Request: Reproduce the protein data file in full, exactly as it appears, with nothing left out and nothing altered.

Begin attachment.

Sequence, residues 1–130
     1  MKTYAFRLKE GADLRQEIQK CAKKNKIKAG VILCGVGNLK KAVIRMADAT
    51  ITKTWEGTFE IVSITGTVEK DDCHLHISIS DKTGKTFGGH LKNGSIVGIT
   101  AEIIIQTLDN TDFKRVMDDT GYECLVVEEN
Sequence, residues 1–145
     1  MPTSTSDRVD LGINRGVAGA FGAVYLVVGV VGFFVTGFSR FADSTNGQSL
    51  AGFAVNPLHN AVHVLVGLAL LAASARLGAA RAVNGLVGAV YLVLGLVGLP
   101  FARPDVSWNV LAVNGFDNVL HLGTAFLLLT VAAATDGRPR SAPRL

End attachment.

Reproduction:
Sequence, residues 1–130
     1  MKTYAFRLKE GADLRQEIQK CAKKNKIKAG VILCGVGNLK KAVIRMADAT
    51  ITKTWEGTFE IVSITGTVEK DDCHLHISIS DKTGKTFGGH LKNGSIVGIT
   101  AEIIIQTLDN TDFKRVMDDT GYECLVVEEN
Sequence, residues 1–145
     1  MPTSTSDRVD LGINRGVAGA FGAVYLVVGV VGFFVTGFSR FADSTNGQSL
    51  AGFAVNPLHN AVHVLVGLAL LAASARLGAA RAVNGLVGAV YLVLGLVGLP
   101  FARPDVSWNV LAVNGFDNVL HLGTAFLLLT VAAATDGRPR SAPRL